The analysis of questionnaire results showed that the average score of self-version part was and the average score of staff-version was . These results are listed in Table 2.
The effects of the hearing loss level on the self- and staff-version scores indicated that there is a significant relationship between self- and staff-version with hearing loss levels (). In other words, the severity of hearing loss becomes greater as the questionnaire score goes up and followed by hearing handicap is also increasing in elderly. This relationship is not significant in male group () however it is significant in the female group () in the self-version. On the other hand, the relationship between the hearing loss levels and staff-version is significant in both men and women groups () as can be found in Table 3.
In testing the relationship between NHHI results and audiological findings by using Chi-square and Pearson’s correlation coefficient, the results revealed significantly correlated with each other at a statistically significant level ( value) of <0.05 as shown in Table 4.
Outcomes from a hearing handicap scale can give more information about the patient’s understanding of hearing loss effects on daily life. If the resident reports a considerable handicap, then auditory rehabilitation will be suggested. Nursing home staffs that are close to resident can also complete a hearing handicap scale. Results can provide essential information on how others distinguish the resident’s hearing loss and audiological rehabilitation necessitate. In the present study, we used NHHI questionnaire and compared its results with PTA findings. Moreover, we investigated the correlation of hearing impairment severity on NHHI (two versions) scores in nursing home elderly. Because of significant Pearson’s correlation coefficient results () between both versions with hearing loss levels and as other studies suggested [17–19] it can be inferred in cases who were not able to respond scale, staff answers might be considered. In this study results indicated using self-report scale could be valuable in order to prepare rehabilitation needs of elderly before hearing handicap was grown up and its difficulties came out.
Results from this study demonstrate the usefulness of NHHI questionnaire for evaluating hearing handicap of aged people and it may be a useful adjunct in setting up treatment and determining proper care.
Limitation of Study
In spite of searching for new resources in this field and no newer-revised version of the NHHI questionnaire, references might be somewhat old, but nevertheless they are reliable in this area.
- D. C. Garstecki and S. F. Erler, “Hearing care providers and individuals with impaired hearing: continuing and relationships in the new millennium,” in Rehabilitative Audiology, J. G. Alpiner and P. A. McCarthy,, Eds., pp. 27–59, Lippincott Williams & Wilkins, Baltimore, Md, USA, 3rd edition, 2000.
- N. Tye-Murray, Foundation of Aural Rehabilitation, Thomson, St. Louis, Miss, USA, 2nd edition, 2004.
- R. L. Schow and S. Gatehouse, “Fundamental issues in self-assessment of hearing,” Ear and Hearing, vol. 11, no. 5, pp. 6s–16s, 1990.
- M. I. Gomez, S. A. Hwang, L. Sobotova, A. D. Stark, and J. J. May, “A comparison of self-reported hearing loss and audiometry in a cohort of New York farmers,” Journal of Speech, Language, and Hearing Research, vol. 44, no. 6, pp. 1201–1208, 2001.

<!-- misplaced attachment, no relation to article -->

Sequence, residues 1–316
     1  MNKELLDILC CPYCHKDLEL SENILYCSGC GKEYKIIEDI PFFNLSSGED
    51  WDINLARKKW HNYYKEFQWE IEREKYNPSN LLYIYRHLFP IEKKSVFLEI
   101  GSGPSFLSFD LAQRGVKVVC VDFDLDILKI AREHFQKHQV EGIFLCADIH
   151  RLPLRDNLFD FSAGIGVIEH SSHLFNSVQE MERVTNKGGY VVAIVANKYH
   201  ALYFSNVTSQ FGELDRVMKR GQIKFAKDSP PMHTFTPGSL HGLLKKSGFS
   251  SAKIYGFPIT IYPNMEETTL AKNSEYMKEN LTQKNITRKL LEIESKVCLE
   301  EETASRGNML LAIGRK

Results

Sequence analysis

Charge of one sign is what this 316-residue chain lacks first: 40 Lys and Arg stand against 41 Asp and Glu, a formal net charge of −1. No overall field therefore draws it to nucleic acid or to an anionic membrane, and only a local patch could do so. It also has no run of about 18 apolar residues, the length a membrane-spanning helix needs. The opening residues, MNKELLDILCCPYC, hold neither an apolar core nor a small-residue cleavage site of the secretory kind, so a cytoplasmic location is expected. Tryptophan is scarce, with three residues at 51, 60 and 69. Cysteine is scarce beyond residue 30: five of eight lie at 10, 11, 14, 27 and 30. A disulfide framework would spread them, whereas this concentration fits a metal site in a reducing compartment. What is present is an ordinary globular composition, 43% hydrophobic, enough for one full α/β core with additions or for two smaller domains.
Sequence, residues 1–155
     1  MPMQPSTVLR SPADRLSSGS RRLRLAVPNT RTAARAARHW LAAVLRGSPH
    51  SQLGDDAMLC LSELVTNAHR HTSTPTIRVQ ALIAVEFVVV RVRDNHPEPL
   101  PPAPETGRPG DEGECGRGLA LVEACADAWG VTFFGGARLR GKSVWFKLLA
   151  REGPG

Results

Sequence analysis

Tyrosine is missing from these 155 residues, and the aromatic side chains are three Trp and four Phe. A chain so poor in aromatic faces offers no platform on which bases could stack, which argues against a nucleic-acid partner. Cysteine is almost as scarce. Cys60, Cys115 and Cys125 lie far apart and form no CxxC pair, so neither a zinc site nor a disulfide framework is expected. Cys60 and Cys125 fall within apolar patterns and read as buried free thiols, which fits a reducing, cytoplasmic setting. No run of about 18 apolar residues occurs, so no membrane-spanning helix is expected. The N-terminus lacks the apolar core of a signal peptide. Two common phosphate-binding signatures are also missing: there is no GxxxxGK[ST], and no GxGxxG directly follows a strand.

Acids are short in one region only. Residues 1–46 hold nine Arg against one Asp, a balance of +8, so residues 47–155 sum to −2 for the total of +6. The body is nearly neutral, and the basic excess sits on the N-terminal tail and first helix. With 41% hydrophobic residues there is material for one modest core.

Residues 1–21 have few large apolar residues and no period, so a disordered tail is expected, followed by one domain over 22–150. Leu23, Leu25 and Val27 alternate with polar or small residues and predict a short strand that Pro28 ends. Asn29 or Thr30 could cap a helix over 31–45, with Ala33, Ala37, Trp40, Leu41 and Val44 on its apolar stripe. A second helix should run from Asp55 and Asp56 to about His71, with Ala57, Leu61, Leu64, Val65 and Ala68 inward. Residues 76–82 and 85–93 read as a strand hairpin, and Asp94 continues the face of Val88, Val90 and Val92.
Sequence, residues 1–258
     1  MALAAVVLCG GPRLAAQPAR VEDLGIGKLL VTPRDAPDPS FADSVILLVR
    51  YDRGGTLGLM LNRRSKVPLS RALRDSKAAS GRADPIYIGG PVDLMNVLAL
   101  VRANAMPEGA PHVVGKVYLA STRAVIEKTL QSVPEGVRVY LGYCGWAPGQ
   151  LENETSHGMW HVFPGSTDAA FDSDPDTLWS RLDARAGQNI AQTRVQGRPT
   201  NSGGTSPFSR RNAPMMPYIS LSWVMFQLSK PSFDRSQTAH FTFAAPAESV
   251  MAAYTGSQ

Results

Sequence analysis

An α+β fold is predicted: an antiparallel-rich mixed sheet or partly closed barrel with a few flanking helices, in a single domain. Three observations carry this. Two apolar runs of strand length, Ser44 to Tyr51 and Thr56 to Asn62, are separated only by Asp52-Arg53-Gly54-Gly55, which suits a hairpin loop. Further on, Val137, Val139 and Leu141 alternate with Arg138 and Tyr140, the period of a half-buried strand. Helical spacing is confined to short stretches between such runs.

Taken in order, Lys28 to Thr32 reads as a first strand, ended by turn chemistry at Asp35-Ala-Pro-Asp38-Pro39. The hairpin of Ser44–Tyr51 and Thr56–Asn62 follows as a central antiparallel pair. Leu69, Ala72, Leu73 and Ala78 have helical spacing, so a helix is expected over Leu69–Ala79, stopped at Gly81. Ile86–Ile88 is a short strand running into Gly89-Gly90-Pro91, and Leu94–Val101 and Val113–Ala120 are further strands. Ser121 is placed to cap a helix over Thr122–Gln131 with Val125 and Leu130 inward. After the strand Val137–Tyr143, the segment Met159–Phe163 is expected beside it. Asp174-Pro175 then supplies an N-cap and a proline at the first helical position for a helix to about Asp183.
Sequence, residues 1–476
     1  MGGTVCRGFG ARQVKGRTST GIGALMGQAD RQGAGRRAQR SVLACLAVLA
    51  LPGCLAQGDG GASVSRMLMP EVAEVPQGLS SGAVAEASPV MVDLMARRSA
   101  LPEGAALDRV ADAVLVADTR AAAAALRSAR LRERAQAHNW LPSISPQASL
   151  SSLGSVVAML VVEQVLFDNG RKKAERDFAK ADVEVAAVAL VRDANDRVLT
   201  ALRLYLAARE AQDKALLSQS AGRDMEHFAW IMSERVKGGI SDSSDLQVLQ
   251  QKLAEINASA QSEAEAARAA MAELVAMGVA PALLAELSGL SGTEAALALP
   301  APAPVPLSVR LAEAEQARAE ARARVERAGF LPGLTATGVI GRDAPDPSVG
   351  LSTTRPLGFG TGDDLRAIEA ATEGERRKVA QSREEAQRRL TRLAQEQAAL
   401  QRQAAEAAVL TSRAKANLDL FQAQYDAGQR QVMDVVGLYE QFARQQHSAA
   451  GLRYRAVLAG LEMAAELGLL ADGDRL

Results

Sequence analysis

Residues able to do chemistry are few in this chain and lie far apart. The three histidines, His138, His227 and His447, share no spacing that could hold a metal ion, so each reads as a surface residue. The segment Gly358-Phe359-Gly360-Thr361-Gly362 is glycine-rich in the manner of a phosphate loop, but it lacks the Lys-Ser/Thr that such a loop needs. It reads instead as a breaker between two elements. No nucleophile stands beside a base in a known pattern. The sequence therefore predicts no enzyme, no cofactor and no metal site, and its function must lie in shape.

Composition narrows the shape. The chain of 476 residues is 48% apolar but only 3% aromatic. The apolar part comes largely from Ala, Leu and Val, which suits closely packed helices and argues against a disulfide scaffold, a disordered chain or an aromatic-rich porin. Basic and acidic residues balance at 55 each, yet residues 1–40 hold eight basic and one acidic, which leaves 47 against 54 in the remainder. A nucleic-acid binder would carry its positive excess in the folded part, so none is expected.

- T. G. Giolas, “The measurement of hearing handicap: revisited: a 20- year perspective,” Ear and Hearing, vol. 11, no. 5, pp. 2s–5s, 1990.
- S. W. Choi, C. Peek-Asa, C. Zwerling et al., “A comparison of self-reported hearing and pure tone threshold average in the Iowa Farm Family Health and Hazard Survey,” Journal of Agromedicine, vol. 10, no. 3, pp. 31–39, 2005.
- F. R. William, A Volume in Perspectives Audiology Series: Hearing Assessment, New York, NY, USA, 2nd edition, 1991.
- T. G. Giolas, E. Owens, S. H. Lamb, and E. D. Schubert, “Hearing performance inventory,” Journal of Speech and Hearing Disorders, vol. 44, no. 2, pp. 169–195, 1979.
- M. Ventry and B. E. Weinstein, “The hearing handicap inventory for the elderly: a new tool,” Ear and Hearing, vol. 3, no. 3, pp. 128–134, 1982.
- M. E. Demorest and S. A. Erdman, “Development of the communication profile for the hearing impaired,” Journal of Speech and Hearing Disorders, vol. 52, no. 2, pp. 129–143, 1987.
- R. L. Schow, T. C. Smedley, and T. M. Longhurst, “Self-assessment and impairment in adult/elderly hearing screening—recent data and new perspectives,” Ear and Hearing, vol. 11, no. 5, pp. 17s–27s, 1990.
- D. M. Nondahl, K. J. Cruickshanks, T. L. Wiley, T. S. Tweed, R. Klein, and B. E. K. Klein, “Accuracy of self-reported hearing loss,” Audiology, vol. 37, no. 5, pp. 295–301, 1998.
- S. K. Voeks, C. M. Gallagher, E. H. Langer, and P. J. Drinka, “Self-reported hearing difficulty and audiometric thresholds in nursing home residents,” Journal of Family Practice, vol. 36, no. 1, pp. 54–58, 1993.
- J. Cohen-Mansfield and J. W. Taylor, “Hearing aid use in nursing homes Part 2: barriers to effective utilization of hearing aids,” Journal of the American Medical Directors Association, vol. 5, no. 5, pp. 289–296, 2004.
- M. B. Garahan, J. A. Waller, M. Houghton, W. A. Tisdale, and C. F. Runge, “Hearing loss prevalence and management in nursing home residents,” Journal of the American Geriatrics Society, vol. 40, no. 2, pp. 130–134, 1992.
- R. L. Schow and M. A. Nerbonne, “Assessment of hearing handicap by nursing home residents and staff,” Journal of Academy of Rehabilitative Audiology, vol. 10, no. 2, pp. 2–12, 1977.
- C. M. Valete-Rosalino and S. Rozenfeld, “Auditory screening in the aged: comparison between self-report and audiometry,” Revista Brasileira de Otorrinolaringologia, vol. 71, no. 2, pp. 193–200, 2005.
- G. A. Gates, M. Murphy, T. S. Rees, and A. Fraher, “Screening for handicapping hearing loss in the elderly,” Journal of Family Practice, vol. 52, no. 1, pp. 56–62, 2003.
- H. N. Gutnick, E. A. Zillmer, and C. B. Philput, “Measurement and prediction of hearing loss in a nursing home,” Ear and Hearing, vol. 10, no. 6, pp. 361–367, 1989.